The most significant changes to the source material can be found in the third act, as Richard Christian Matheson simplifies the last leg of the protagonist’s journey. In the movie, Tess shoots and kills Lester’s brother, Alvin (Andre Myette), who is smaller than his sibling, and is heartbroken to think that she killed an innocent man. This, however, is proven to be a false conclusion, as she discovers that Alvin was present when she was being raped and taking photographs of her. After taking the photos and the camera – not wanting the police to discover a link between her and the Stehlke brothers – Tess proceeds to her original target, finding Lester and killing him with a bullet to the leg and the crotch following a brief scuffle in his workshop.

Tess also shoots and kills Alvin in the novella, but it’s because she is operating under the assumption that Lester is Big Driver, when in truth he is actually smaller than Alvin. She moves on to murdering her rapist, who is on the couch watching a rerun of Seinfeld when his brains get blown out, and then she sets about planning her own suicide – unable to live with the fact that she killed an innocent person. While still in Lester’s home, she pens a suicide note that is also a full confession – but she is steered off of that course with input from her intuition. She decides to investigate Alvin’s home and finds her purse under the man’s mattress, implying that he didn’t just turn a blind eye, but was involved in the crime.

Beyond the climax, the denouement is also altered. In the novella, Tess realizes that the only person linking her to the Stehlke brothers is Betsy Neal – the employee at the Stagger Inn from whom she had learned about Big Driver and Little Driver. Tess calls Betsy and starts to leave an incriminating voicemail, but Betsy picks up the phone and asks her to meet.

This meeting between Tess and Betsy (Joan Jett) is in Mikael Salomon’s Big Driver, but it’s moved to the middle of the film when the characters first meet, and Betsy doesn’t know about what’s happened to Tess before sharing her story about being raped by her stepfather as a young girl. The movie does bring Betsy back at the very end, but it’s for a much quicker beat: Tess gets a phone call while at home, and Betsy tells her, “I know what you did, Tess. Way to go, girl,” before hanging up.

Maria Bello in Big Driver

(Image credit: Lifetime)

Is It Worthy Of The King?

In past installments of this feature, I’ve lauded Stephen King’s habit of nodding to the works that influence him with direct references and namedrops. In the case of Mikael Salomon’s Big Driver, however, Richard Christian Matheson made the right choice of not including a sequence where Tess does her rape revenge research, as it shines a light on the story’s biggest problem: its derivative and cheap plotting that feels overly familiar and has nothing new or interesting to say.

This opinion of Stephen King’s story covers both the novella and the adaptation, which obviously skews the “Is It Worthy Of The King?” question, but it is noteworthy that some of the movie’s more minor deviations from the source material ends up hurting the final cut.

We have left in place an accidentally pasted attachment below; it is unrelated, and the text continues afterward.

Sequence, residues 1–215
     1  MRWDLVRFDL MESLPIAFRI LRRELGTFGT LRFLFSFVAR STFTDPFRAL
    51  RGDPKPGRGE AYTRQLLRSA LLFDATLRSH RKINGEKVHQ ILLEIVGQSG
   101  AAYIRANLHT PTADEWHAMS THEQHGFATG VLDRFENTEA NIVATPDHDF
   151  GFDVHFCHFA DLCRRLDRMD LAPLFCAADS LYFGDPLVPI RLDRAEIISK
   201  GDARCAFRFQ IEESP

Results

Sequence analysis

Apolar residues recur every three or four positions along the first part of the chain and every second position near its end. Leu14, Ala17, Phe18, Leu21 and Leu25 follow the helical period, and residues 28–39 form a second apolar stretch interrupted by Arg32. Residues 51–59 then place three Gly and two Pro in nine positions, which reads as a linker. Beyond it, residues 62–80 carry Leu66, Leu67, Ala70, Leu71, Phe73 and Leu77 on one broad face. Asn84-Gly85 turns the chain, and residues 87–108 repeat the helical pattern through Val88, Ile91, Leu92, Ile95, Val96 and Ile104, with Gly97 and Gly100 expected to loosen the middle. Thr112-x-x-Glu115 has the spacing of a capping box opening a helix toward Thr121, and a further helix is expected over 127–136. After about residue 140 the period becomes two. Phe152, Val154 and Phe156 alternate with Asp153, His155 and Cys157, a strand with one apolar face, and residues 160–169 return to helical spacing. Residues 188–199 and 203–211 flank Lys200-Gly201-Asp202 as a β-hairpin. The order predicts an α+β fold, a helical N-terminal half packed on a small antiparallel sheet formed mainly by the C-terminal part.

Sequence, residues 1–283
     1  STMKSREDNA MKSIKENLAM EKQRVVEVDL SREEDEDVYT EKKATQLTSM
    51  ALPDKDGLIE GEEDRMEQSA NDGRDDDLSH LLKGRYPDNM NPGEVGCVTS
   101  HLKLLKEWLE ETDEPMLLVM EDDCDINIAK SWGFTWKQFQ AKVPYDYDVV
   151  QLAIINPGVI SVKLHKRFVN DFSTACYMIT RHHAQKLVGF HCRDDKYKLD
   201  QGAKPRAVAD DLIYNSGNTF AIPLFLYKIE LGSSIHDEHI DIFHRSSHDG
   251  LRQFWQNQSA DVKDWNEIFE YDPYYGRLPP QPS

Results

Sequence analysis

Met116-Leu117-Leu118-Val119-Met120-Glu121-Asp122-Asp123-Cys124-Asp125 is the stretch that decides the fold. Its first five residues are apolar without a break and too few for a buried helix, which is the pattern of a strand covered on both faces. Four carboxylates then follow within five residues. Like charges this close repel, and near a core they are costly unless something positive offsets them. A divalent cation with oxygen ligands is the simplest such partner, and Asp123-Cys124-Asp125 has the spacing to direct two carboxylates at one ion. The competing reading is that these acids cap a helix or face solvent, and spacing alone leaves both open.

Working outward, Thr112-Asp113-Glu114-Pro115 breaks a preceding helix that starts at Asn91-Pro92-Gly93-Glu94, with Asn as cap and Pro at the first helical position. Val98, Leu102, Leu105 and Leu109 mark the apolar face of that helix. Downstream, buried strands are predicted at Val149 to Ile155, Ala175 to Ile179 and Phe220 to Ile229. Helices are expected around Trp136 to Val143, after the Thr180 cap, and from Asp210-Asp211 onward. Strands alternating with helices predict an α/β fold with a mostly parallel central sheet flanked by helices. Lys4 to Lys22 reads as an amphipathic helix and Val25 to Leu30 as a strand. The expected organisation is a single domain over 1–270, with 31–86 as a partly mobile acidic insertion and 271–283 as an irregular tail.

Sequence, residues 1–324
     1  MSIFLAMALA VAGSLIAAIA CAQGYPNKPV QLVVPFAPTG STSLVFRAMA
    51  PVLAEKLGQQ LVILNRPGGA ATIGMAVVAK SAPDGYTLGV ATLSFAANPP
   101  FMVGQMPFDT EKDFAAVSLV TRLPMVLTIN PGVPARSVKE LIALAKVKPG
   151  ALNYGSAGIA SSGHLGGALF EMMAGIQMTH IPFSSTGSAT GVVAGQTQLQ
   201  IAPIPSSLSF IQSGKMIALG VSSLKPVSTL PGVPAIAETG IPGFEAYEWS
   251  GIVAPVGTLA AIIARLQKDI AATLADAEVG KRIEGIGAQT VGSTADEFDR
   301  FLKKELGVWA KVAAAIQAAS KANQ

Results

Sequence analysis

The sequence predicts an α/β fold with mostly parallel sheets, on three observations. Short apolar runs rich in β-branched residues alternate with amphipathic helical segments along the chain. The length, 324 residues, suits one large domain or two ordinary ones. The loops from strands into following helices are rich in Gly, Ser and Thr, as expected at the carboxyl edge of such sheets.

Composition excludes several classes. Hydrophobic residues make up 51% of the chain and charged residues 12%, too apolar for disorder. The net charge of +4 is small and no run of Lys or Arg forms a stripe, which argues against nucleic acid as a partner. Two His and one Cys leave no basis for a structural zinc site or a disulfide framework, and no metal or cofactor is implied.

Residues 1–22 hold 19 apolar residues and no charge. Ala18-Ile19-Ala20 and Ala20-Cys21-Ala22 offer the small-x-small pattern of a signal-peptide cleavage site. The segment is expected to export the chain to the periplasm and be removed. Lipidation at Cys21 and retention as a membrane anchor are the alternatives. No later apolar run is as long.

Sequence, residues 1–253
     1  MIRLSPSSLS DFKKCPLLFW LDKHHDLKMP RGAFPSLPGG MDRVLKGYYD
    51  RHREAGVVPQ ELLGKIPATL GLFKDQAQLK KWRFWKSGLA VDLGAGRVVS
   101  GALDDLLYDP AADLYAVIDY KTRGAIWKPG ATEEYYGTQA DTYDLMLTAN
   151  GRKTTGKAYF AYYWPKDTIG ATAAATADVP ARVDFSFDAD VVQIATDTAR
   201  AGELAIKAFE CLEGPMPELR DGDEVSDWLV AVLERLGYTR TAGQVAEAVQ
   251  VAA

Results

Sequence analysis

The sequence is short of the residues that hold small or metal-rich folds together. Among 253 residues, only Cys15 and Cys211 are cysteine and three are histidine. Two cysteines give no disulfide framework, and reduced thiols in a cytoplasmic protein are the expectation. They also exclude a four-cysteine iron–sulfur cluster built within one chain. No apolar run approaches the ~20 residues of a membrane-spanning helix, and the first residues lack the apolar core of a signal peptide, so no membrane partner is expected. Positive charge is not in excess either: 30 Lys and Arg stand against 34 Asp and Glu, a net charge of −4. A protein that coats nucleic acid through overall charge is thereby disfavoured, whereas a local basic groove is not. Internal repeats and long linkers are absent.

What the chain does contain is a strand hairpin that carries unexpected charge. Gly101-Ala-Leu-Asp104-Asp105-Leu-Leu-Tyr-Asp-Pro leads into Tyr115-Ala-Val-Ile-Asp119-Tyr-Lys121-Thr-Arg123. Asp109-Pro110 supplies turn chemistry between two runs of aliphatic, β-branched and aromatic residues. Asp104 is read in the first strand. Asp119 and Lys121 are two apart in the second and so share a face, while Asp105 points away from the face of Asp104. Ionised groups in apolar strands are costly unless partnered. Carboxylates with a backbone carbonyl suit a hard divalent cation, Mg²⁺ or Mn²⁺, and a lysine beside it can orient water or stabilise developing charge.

“Big Driver” is in some ways a descent into madness story, as Tess’ mind does a fair bit of unraveling after she is attacked. This is most clearly recognizable as she starts having conversations with animals and things that can’t talk back. This includes her cat, her TomTom, the dead bodies of Lester and Alvin Strehlke, Alvin’s dog, and the fictional lead character in her books, Doreen Marquis.

This aspect of the novella is minimized in the movie. The schizophrenic behavior is introduced before Tess is attacked, suggesting that it’s just an extension of her overactive imagination. Furthermore, the number of fake conversations she has dwindles, awkwardly causing each one to stand out more. This allows more time for Tess to interact with Doreen Marquis (Olympia Dukakis), but her chats with her GPS device have the distinct vibe of a commercial for TomTom… and that’s just so, so weird given what the film’s content.

When broken down, Big Driver is a film that has weak story based on weak novella, and it’s an adaptation that minimizes the strongest narrative tool in the source material. So no, I can’t say that I recommend checking it out.

Maria Bello in Big Driver

(Image credit: Lifetime)

How To Watch Mikael Salomon ’s Big Driver

If you happen to be a person who watches original Lifetime programming on the regular, the Lifetime Movie Club exists, and Big Driver is one of the titles that is available to stream (you can also get a subscription linked through accounts on Amazon Prime and/or The Roku Chanel). You can rent/purchase the TV movie digitally via Amazon and Vudu, and those who are working on constructing the Ultimate Stephen King Collection will discover that it is on DVD and an inexpensive purchase.

Coming up next week, Adapting Stephen King will be moving over to the site’s Streaming section, as I will be taking a look at what was the first King project developed for a digital subscription service: the J.J. Abrams-produced adaptation of 11.22.63 on Hulu. Look for my column Wednesday, and in the meantime click through the banners below to discover all of the previous features.

Adapting Stephen King Banner

Adapting Stephen King banner Carrie

(Image credit: United Artists)

Adapting Stephen King Misery banner

(Image credit: Columbia Pictures)

The Outer Limits Revelations of 'Becka Paulson Adapting Stephen King banner

(Image credit: Showtime)

Adapting Stephen King Banner 2004 Salem's Lot

(Image credit: TNT)

Carrie Adapting Stephen King Banner

(Image credit: MGM)
Eric Eisenberg
Assistant Managing Editor

Eric Eisenberg is the Assistant Managing Editor at CinemaBlend. After graduating Boston University and earning a bachelor’s degree in journalism, he took a part-time job as a staff writer for CinemaBlend, and after six months was offered the opportunity to move to Los Angeles and take on a newly created West Coast Editor position. Over a decade later, he's continuing to advance his interests and expertise. In addition to conducting filmmaker interviews and contributing to the news and feature content of the site, Eric also oversees the Movie Reviews section, writes the the weekend box office report (published Sundays), and is the site's resident Stephen King expert. He has two King-related columns.